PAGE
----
Relationship of Plasma Concentration to Clinical Action Plasma Concentration and Response

Marked interindividual variability of tricyclic plasma concentrations was described by Hammer and Sjoqvist in 1967. This finding suggested that drug level monitoring might ensure that therapeutic blood levels are achieved and might help to avoid toxic levels. In carefully selected inpatients with endogenous or melancholic major depression, treatment with adequate levels of imipramine or desipramine resulted in robust response rates of about 85% (Glassman et al. 1977; Nelson et al. 1982). For several years, the relationship of tricyclic blood levels to response and the utility of monitoring blood levels were the focus of considerable attention and debate.

A task force of the American Psychiatric Association (1985) that reviewed these studies concluded that relationships between plasma level and response had been demonstrated for imipramine, desipramine, and nortriptyline (see Table 12-2). For imipramine, drug levels above 200 ng/mL were more effective than lower levels (Glassman et al. 1977; Reisby et al. 1977). For desipramine, levels above 125 ng/mL were more effective (Nelson et al. 1982). For both desipramine and imipramine, blood levels in excess of 300 ng/mL were more likely to be associated with serious side effects. Effective plasma concentrations were also established for nortriptyline, but the relationship appeared to be curvilinear. For this drug, plasma levels between 50 ng/mL and 150 ng/mL were more effective than lower or higher levels (Asberg et al. 1971; Kragh-Sorenson et al. 1973, 1976).

For amitriptyline, it has been more difficult to establish a therapeutic relationship between plasma levels and response (American Psychiatric Association 1985). In part, this difficulty may be related to the fact that during amitriptyline administration, three active compounds are present (amitriptyline, nortriptyline, and hydroxynortriptyline), and it is unclear if their effects are additive or if there is a more complicated relationship (Breyer-Pfaff et al. 1982). During amitriptyline administration, responders usually have total amitriptyline and nortriptyline levels in the neighborhood of 150-250 ng/mL (Kupfer et al. 1977), but there is not good agreement between studies. For clomipramine, blood levels of 150-300 ng/mL (total of clomipramine and desmethylclomipramine) have been suggested for antidepressant effectiveness. Higher levels are usually employed in the treatment of OCD. The data relating blood levels and response are limited for the other tricyclic and tetracyclic compounds.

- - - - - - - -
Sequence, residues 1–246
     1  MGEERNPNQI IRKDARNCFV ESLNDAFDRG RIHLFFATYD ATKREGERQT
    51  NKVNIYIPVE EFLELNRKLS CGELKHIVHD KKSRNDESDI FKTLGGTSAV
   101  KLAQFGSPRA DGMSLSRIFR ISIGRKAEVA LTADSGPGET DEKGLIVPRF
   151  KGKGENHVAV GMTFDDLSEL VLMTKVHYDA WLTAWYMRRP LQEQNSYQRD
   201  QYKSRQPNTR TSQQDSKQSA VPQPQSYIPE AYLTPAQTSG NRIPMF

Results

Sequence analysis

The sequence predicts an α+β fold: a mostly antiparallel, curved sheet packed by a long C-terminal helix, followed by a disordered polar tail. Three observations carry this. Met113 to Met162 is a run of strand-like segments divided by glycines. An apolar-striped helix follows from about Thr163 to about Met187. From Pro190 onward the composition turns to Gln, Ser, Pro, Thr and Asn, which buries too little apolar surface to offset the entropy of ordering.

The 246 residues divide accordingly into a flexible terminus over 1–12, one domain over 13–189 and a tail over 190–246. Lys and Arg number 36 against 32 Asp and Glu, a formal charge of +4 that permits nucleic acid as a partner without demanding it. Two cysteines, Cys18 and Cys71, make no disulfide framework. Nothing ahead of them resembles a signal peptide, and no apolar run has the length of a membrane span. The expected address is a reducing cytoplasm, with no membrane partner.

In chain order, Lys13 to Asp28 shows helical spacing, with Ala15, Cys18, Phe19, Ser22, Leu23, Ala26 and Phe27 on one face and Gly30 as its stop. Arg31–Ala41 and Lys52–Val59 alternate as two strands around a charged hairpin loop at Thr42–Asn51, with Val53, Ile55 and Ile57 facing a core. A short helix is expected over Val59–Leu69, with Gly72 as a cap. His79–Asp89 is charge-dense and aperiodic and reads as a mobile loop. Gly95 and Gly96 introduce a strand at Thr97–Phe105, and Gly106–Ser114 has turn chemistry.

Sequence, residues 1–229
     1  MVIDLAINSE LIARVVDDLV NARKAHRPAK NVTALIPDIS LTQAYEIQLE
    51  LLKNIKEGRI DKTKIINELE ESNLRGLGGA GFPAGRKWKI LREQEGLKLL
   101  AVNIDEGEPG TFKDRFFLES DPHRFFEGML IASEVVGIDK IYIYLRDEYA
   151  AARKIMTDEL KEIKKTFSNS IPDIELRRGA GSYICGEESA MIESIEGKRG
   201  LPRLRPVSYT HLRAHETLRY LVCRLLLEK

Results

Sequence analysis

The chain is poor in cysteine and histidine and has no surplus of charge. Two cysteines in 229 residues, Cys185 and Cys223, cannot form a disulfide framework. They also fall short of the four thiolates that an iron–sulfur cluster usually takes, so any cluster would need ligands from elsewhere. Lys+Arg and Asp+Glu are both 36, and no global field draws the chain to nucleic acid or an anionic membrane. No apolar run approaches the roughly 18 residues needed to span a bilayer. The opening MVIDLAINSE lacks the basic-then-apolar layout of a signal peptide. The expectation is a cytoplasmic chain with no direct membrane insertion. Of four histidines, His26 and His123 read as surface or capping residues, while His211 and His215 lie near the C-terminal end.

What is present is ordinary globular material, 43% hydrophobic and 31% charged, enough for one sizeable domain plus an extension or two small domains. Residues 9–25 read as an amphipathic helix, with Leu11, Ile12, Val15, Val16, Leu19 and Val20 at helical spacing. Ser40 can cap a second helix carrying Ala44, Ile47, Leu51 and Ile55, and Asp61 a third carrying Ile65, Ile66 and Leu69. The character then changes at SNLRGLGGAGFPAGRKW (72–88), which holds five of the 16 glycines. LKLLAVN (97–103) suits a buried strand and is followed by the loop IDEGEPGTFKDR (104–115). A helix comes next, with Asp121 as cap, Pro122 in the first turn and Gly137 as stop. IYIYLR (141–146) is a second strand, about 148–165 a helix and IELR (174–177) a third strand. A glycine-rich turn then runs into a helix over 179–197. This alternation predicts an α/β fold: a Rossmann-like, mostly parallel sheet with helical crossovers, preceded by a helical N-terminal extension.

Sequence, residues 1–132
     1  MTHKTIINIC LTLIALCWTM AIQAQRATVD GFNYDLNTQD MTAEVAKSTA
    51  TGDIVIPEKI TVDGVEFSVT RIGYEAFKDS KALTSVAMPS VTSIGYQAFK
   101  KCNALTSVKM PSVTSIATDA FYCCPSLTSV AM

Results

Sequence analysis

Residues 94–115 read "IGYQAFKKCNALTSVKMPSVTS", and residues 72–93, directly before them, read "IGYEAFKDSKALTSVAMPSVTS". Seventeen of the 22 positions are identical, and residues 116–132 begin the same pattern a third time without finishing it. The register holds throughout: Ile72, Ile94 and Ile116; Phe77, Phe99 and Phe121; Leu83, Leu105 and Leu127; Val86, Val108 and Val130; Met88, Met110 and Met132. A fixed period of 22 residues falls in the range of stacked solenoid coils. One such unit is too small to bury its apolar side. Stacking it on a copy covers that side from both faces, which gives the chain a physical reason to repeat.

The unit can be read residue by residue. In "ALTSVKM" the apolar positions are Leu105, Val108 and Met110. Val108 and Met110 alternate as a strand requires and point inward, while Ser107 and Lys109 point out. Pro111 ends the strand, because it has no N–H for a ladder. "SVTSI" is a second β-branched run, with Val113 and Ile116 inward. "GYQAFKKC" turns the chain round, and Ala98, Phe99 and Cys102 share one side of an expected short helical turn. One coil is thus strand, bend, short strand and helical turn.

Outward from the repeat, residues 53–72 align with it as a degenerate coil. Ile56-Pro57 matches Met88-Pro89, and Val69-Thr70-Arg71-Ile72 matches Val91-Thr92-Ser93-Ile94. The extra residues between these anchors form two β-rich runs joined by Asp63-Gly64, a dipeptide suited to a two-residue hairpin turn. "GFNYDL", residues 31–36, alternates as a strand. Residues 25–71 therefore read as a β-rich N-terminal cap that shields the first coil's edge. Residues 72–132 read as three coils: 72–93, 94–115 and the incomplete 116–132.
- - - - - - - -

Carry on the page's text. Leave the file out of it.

The therapeutic utility of blood level monitoring has been the subject of controversy. Blood level-response relationships have been demonstrated in melancholic inpatients. But similar relationships have proven difficult to demonstrate in depressed outpatients. In outpatients, drug-placebo differences are often small, and the effect of drug treatment is harder to detect. Depressed outpatients may be more heterogeneous and include individuals who are not responsive to any drug treatment. Finally, many studies are not designed to detect blood level-response relationships. Fixed dosing is required, and the plasma concentrations achieved must fall above and below the suspected threshold. If all patients achieve adequate drug concentrations, no relationship with response will be found. It is logical to conclude that blood level relationships determined in severely depressed inpatients might be used as a guide for treatment of outpatients, but this assumption has not been empirically validated.

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